Man Hunt Fritz Lang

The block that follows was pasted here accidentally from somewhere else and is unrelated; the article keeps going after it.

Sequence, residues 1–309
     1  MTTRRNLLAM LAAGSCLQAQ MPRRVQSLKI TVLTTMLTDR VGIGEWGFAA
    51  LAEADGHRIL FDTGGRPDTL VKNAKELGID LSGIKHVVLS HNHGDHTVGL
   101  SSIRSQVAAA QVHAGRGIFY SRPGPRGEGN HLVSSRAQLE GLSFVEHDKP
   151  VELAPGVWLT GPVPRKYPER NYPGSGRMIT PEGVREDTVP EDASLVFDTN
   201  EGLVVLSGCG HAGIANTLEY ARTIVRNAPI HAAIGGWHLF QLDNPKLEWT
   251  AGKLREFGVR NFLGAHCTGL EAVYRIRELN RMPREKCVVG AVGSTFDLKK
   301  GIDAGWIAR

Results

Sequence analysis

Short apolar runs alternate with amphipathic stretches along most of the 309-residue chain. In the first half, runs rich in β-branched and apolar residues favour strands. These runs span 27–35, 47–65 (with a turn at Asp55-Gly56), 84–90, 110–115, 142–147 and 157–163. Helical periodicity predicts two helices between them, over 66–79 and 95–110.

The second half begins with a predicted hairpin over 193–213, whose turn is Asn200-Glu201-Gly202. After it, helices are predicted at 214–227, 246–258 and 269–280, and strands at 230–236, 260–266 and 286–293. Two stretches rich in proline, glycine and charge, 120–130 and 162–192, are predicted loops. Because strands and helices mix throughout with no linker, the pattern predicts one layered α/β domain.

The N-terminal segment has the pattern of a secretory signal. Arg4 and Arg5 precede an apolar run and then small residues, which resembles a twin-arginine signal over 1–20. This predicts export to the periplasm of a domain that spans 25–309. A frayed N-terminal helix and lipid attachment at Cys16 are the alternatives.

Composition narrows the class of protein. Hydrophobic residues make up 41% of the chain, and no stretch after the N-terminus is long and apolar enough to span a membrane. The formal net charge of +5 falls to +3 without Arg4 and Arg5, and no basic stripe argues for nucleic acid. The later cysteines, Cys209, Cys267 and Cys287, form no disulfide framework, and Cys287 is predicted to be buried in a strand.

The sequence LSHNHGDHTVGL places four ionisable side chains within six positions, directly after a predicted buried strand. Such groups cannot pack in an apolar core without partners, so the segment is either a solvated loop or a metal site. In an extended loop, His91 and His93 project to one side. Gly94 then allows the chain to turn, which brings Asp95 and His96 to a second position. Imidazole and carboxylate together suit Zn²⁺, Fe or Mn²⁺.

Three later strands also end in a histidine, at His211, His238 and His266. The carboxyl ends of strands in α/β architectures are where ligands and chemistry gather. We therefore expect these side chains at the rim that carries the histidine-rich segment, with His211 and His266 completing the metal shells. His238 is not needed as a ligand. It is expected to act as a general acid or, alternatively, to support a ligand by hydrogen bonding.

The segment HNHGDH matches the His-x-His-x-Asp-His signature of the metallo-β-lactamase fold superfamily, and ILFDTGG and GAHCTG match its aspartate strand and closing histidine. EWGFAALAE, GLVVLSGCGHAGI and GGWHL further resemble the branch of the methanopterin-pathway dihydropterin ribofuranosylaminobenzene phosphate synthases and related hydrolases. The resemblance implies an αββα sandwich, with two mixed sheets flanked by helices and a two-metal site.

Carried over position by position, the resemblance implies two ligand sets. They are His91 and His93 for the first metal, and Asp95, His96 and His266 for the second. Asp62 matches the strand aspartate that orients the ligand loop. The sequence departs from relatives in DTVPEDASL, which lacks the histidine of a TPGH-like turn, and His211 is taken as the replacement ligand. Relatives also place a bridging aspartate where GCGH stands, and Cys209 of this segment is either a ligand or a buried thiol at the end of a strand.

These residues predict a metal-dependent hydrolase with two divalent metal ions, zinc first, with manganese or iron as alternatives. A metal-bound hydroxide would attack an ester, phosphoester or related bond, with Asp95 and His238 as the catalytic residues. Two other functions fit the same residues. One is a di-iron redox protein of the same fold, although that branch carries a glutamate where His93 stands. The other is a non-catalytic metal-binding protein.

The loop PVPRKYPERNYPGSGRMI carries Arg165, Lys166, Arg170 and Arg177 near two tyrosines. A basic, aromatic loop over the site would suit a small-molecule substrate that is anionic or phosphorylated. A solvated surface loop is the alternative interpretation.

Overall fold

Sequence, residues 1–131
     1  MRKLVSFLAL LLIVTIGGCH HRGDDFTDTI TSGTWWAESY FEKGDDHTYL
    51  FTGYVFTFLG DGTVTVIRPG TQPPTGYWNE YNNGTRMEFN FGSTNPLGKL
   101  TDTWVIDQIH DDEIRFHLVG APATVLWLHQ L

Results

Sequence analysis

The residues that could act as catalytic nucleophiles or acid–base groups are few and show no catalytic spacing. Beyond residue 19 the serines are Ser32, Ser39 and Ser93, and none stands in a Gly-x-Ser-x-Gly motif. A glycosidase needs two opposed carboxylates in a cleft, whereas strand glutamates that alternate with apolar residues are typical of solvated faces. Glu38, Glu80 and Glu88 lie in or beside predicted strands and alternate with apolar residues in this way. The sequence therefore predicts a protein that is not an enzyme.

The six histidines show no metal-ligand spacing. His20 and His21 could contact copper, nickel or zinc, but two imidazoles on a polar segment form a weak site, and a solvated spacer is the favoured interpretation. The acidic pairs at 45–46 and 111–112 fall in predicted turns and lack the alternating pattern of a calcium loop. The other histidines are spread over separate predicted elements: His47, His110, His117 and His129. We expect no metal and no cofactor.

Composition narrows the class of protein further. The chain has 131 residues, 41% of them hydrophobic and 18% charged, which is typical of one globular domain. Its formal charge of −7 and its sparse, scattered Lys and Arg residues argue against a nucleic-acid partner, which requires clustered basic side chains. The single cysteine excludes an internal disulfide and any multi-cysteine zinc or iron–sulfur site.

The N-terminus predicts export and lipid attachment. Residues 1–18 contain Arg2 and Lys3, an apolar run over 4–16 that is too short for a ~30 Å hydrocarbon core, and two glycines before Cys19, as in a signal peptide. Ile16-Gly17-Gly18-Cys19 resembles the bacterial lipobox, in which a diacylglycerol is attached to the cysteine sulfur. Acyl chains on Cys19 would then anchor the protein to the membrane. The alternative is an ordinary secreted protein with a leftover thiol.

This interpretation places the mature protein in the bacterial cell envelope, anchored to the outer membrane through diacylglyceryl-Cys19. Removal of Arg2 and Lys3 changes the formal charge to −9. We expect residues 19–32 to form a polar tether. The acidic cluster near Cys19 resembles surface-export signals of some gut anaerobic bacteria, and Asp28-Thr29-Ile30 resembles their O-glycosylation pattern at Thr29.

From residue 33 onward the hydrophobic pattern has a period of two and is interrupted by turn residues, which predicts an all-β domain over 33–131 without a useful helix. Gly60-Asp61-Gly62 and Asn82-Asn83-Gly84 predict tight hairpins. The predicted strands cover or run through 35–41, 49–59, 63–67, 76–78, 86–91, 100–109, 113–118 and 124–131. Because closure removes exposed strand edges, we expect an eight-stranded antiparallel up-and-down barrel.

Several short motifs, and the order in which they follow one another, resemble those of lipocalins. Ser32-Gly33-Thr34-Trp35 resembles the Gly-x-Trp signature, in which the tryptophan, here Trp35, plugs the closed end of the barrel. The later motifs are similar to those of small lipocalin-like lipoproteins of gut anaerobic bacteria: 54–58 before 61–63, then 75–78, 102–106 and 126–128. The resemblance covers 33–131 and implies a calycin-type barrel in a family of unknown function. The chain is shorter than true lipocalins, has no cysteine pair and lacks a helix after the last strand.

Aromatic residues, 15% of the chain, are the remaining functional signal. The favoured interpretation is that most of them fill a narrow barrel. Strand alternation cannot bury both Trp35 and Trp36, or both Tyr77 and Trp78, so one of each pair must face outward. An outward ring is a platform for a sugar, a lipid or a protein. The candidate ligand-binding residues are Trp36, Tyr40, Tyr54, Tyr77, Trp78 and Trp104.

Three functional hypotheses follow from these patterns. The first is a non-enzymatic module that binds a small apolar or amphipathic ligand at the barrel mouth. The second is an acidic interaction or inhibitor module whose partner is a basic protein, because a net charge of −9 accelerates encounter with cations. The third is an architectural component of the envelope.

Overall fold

Even though it was deprived of a VHS release, Man Hunt, one of Fritz Lang's best American films, is finally being issued on DVD. Once again, Fox Home Video has succeeded in restoring one of their archival gems, an important film in Lang's filmography, as well as in the film noir canon. In the opening scene of Man Hunt, big game hunter Alan Thorndike (Walter Pidegon) creeps past Nazi guards and catches Adolf Hitler in the sights of his rifle. He's caught by SS officers but tries to explain to monocle-wearing Nazi bad guy Quive Smith (George Sanders) that it was a "sporting stalk," for the hunt only, not the kill. Smith turns the tables on Thorndike, releasing him only to chase and hunt him through the continent, eventually leading to a showdown between the two. The film also features a ten-year-old Roddy McDowell and John Carradine as one of the dastardly villains. There are some very silly elements to Man Hunt: Joan Bennett, who plays Thorndike's love interest, has a ridiculous Dick Van Dyke-esque, cockney accent. But overall, the film is a terrific thriller, enlivened by Lang's expressionistic sensibilities, which lend a noir style to the visuals. The film was made in 1941, predating both the recognized rise of film noir and America's involvement in WWII. Lang, who famously fled Nazi Germany for Hollywood, uses the film to condemn Hitler's regime, and the film's conclusion blatantly solicits America's intervention. Though controversial at the time, once the U.S. entered the war at the end of 1941 Man Hunt became almost prototypical for the kind of anti-Nazi populist thrillers that dominated cinema. Special features include a wonderful short documentary on the making of the film, information on the film's restoration and a commentary track with Patrick McGilligan, author of Fritz Lang: Nature of the Beast, which is somewhat dry but rewardingly informative. (Fox)